Genady Posted March 14 Share Posted March 14 Historically, after Newtonian formulation of mechanics, alternative formulations were developed, i.e., Lagrangian and Hamiltonian. In QM, after wave mechanics, matrix mechanics was developed. In QFT, there are S-matrix and path integral formulations. Which alternative formulations of GR are known today? PS. I think, in SR the parallel examples are Einstein and Minkowski formulations. 1 Link to comment Share on other sites More sharing options...

Markus Hanke Posted March 14 Share Posted March 14 Nice question! The major ones that come to mind are (not an exhaustive list): - The ADM formalism - The tetrad formalism - The Spinor formalism - The Ashtekar formalism - Of course the Lagrangian formalism - The Plebanski formulation - The geometric algebra formulation It can also be written as a gauge theory, though I must admit that many of the details here are above my pay grade - there seem to be some unresolved issues. The above is definitely not exhaustive, but it’s all the ones I can think of OTOH. 3 Link to comment Share on other sites More sharing options...

joigus Posted March 14 Share Posted March 14 Agreed. Extra-nice topic. 46 minutes ago, Markus Hanke said: - The Spinor formalism The Bible on this: https://www.cambridge.org/core/books/spinors-and-spacetime/B66766D4755F13B98F95D0EB6DF26526 https://www.cambridge.org/core/books/spinors-and-spacetime/24388801C4B4BA419851FD4AF667A8F0 'Twistor' is another key word to look for in this concern. Twistors require masslessness, so it's a bit more of an adventurous approach. But very worth taking a look too. 2 Link to comment Share on other sites More sharing options...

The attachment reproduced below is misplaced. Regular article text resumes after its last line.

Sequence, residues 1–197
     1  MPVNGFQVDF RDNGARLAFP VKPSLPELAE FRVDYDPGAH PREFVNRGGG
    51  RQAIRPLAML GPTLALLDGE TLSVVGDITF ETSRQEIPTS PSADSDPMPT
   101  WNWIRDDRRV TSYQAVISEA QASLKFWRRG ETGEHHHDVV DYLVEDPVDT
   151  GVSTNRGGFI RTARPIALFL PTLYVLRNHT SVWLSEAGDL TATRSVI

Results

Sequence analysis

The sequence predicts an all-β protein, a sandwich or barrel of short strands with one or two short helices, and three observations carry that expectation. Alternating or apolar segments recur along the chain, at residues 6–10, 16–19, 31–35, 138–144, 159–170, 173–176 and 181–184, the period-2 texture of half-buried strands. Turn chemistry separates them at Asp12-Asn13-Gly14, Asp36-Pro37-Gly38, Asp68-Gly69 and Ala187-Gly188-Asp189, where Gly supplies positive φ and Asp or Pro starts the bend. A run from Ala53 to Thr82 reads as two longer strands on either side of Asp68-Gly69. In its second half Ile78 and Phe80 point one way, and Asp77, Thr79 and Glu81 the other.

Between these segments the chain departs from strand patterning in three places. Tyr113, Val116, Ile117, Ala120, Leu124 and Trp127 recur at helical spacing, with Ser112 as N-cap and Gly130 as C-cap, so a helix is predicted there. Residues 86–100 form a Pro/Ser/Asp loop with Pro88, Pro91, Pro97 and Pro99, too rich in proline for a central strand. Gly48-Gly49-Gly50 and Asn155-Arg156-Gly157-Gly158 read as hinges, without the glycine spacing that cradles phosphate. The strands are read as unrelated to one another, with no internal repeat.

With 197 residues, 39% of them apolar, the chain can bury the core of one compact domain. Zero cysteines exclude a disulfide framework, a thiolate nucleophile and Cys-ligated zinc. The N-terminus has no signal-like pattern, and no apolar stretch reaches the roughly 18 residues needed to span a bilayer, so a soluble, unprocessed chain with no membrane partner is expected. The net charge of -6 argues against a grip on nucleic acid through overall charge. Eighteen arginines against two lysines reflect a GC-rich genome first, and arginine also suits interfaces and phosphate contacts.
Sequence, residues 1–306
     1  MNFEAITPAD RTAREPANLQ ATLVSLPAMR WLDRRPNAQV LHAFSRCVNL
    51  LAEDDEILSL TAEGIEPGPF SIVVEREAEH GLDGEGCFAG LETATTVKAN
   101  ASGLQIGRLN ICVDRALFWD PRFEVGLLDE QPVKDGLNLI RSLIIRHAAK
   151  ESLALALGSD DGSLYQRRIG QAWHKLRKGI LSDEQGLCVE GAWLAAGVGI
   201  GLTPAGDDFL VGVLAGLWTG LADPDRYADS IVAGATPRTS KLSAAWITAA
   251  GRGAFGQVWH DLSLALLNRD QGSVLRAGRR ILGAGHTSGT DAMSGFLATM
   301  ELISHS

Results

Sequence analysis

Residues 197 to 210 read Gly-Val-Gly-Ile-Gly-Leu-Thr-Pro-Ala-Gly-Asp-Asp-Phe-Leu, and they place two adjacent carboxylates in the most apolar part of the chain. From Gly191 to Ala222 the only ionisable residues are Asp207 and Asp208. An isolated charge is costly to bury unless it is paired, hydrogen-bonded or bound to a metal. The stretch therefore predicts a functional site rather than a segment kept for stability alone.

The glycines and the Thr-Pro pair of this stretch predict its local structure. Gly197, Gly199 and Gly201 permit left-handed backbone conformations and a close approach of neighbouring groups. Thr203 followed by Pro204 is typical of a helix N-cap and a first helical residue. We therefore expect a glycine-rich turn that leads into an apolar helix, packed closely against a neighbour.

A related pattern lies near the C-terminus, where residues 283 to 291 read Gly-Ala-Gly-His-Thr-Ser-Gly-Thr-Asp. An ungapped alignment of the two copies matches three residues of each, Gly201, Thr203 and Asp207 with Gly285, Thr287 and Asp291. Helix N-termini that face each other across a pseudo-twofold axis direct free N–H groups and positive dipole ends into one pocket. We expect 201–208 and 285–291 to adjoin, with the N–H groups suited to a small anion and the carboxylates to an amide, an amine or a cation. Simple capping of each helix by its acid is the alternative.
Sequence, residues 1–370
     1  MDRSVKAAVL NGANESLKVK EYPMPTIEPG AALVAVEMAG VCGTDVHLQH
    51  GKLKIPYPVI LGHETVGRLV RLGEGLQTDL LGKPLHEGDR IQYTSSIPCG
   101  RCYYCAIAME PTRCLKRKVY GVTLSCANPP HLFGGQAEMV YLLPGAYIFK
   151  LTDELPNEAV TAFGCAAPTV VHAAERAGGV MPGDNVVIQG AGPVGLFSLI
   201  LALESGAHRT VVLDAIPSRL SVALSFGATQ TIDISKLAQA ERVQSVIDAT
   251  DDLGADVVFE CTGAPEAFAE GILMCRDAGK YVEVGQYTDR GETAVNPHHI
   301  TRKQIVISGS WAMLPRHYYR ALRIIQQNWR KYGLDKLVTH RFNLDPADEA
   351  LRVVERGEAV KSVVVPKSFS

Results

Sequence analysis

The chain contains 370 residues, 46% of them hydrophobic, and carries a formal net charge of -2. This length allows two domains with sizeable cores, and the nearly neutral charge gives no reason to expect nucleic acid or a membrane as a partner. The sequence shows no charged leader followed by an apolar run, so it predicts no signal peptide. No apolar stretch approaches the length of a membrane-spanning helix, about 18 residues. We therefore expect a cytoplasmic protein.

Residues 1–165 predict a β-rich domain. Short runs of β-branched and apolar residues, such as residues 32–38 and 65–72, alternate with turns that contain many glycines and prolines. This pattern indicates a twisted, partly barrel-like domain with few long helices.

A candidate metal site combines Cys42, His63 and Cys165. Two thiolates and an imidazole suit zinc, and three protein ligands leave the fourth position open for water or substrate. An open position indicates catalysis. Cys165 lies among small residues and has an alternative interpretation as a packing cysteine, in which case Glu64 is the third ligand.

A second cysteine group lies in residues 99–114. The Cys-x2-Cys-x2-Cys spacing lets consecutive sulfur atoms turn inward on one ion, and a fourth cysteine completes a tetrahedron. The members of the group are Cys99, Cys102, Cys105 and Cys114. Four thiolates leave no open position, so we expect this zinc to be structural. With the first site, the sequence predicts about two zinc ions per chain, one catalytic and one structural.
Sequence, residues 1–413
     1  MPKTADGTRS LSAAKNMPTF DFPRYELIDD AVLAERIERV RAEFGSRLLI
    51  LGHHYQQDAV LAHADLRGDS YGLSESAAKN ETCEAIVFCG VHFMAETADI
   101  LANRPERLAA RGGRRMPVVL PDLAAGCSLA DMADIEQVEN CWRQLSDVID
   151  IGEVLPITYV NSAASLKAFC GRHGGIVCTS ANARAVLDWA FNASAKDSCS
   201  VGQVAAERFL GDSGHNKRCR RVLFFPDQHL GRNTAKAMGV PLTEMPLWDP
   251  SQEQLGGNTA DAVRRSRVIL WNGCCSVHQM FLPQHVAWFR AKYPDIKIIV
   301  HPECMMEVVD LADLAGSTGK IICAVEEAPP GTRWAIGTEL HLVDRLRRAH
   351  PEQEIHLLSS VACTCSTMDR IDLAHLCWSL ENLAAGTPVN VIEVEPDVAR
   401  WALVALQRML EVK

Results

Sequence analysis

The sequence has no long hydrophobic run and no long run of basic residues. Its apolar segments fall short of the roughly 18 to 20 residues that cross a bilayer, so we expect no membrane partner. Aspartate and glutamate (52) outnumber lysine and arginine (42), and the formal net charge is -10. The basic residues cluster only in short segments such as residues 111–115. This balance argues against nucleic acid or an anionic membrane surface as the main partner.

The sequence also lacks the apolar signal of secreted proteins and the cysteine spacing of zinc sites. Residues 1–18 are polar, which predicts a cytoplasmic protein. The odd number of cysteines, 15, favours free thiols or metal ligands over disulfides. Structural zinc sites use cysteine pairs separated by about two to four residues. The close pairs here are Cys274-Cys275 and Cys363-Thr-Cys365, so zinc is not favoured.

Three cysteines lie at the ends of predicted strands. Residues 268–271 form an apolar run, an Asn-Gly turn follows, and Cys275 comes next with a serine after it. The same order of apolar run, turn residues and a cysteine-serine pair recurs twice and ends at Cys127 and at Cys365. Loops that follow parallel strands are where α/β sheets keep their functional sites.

studiot Posted March 14 Share Posted March 14 2 hours ago, Genady said: Historically, after Newtonian formulation of mechanics, alternative formulations were developed, i.e., Lagrangian and Hamiltonian. In QM, after wave mechanics, matrix mechanics was developed. In QFT, there are S-matrix and path integral formulations. Which alternative formulations of GR are known today? PS. I think, in SR the parallel examples are Einstein and Minkowski formulations. Also Nice list Markus, +1. Try this 1 Link to comment Share on other sites More sharing options...

joigus Posted March 14 Share Posted March 14 (edited) As to Ashtekar, Plebanski. It kind of boils down to successive changes of variables to get from a Lagrangian formulation to a Hamiltonian one, that's amenable to QM. The logical path is Palatini action -> Plebanski action -> Ashtekar Prime crash course (Lee Smolin, Perimeter Institute): https://pirsa.org/09070000 I do not properly distinguish between Lagrangian, Palatini, Plebanski, Ashtekar. Lagrangian is the focus. The rest are successive ways of reducing the number of "generalised coordinates" until the theory is really more user-friendly. A particularly illuminating step is when the curvature tensor is reduced to an expansion in a self-dual part and an anti-self-dual part. The content of Einstein's equations being that the anti-self-dual part is identically zero --something like that, I forget lots and lots of details. Edited March 14 by joigus minor correction 1 Link to comment Share on other sites More sharing options...

Genady Posted March 14 Author Share Posted March 14 Thank you for all the information. Keep it coming, please. I will have what to work on after I finish the 500 pages book I'm working through now (that's on QFT). Link to comment Share on other sites More sharing options...

Genady Posted March 15 Author Share Posted March 15 On 3/14/2023 at 8:32 AM, studiot said: Also Nice list Markus, +1. Try this Free PDF of this book downloadable here: Download PDF - Einstein In Matrix Form: Exact Derivation Of The Theory Of Special And General Relativity Without Tensors [PDF] [561fu48ukqq0] (vdoc.pub) Link to comment Share on other sites More sharing options...

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